Calls for healthier school cooking classes

Many school cooking classes are based around cakes, muffins and desserts, according to new Kiwi research.

The Massey University research, commissioned by the Heart Foundation and shows less than 50 percent of food prepared in class would be suitable for a "main meal".

"A lot of the foods being prepared were things like cakes, muffins and biscuits, so essentially your treat foods," Heart Foundation National Nutrition Advisor Angela Berrill told Newshub.

"There was a very small proportion of foods that were being prepared with the likes of fruit and vegetables."

The research also found only 10 percent of teachers surveyed considered fruit and vegetables as a key factor for choosing a recipe, which the Health Foundation said needs to improve.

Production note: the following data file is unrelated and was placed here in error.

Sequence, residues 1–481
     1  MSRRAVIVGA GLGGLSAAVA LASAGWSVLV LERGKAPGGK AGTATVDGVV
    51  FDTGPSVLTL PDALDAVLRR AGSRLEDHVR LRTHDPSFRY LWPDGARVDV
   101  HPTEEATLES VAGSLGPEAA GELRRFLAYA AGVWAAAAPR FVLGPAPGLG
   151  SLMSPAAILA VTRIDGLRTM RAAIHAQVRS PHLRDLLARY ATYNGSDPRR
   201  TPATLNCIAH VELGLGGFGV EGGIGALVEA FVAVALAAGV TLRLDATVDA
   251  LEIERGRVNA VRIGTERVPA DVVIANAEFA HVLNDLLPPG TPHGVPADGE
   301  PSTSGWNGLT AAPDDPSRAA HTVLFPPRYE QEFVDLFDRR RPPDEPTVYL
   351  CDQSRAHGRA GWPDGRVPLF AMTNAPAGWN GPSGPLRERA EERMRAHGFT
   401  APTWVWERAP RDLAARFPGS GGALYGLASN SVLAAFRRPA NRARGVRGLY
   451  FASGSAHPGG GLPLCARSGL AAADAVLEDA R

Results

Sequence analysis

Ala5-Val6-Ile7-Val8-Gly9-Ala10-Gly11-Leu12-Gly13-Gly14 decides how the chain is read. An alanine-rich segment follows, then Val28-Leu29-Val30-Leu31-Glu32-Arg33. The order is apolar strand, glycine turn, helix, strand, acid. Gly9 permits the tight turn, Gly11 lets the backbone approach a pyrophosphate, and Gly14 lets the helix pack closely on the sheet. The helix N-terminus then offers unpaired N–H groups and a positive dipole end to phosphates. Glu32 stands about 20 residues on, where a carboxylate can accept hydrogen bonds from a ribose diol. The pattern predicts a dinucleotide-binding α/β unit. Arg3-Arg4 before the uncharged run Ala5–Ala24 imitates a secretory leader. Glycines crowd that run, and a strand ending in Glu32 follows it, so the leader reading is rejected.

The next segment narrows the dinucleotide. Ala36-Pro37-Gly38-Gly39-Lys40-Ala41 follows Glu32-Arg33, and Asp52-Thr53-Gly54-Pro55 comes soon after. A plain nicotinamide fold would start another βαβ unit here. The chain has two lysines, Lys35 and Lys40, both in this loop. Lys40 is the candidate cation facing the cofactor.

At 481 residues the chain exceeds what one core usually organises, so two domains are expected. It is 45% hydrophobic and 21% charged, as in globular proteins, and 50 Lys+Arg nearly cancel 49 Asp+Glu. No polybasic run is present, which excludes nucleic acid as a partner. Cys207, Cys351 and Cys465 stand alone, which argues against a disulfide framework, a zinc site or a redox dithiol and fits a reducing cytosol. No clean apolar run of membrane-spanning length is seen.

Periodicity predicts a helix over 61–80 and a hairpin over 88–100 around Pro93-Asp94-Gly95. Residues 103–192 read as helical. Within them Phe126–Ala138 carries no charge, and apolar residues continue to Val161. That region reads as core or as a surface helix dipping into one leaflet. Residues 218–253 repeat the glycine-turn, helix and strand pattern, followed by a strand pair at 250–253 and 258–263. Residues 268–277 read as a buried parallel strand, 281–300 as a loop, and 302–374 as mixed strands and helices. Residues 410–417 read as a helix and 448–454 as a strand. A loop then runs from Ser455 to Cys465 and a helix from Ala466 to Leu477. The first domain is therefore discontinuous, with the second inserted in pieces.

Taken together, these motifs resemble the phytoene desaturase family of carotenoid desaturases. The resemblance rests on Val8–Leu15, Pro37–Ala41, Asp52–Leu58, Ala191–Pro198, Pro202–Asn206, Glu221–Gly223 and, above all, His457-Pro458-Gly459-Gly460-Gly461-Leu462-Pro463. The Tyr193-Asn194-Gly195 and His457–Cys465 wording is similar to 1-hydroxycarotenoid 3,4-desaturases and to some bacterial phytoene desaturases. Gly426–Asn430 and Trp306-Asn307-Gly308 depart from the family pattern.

"With rising obesity rates and with one-third of New Zealand children being overweight and obese, the cooking in school environment can be one of the key environments where we can help set our children up for healthier futures," Ms Berrill said.

She however acknowledged many schools are creating healthy menus as part of their food technology classes.

At Henderson Intermediate in Auckland, the focus is on whole foods.

Food technology teacher Robyn Lane says vegetables are a key part of what the students create.

"I say to my students, 'Half your plate should be vegetables'," she said.

"They think they might not like something but I tell them, 'Give it a go because you're growing up, your taste buds are growing up with you - give it another go'."

She said her students actually love vegetables and also grown them in their school garden.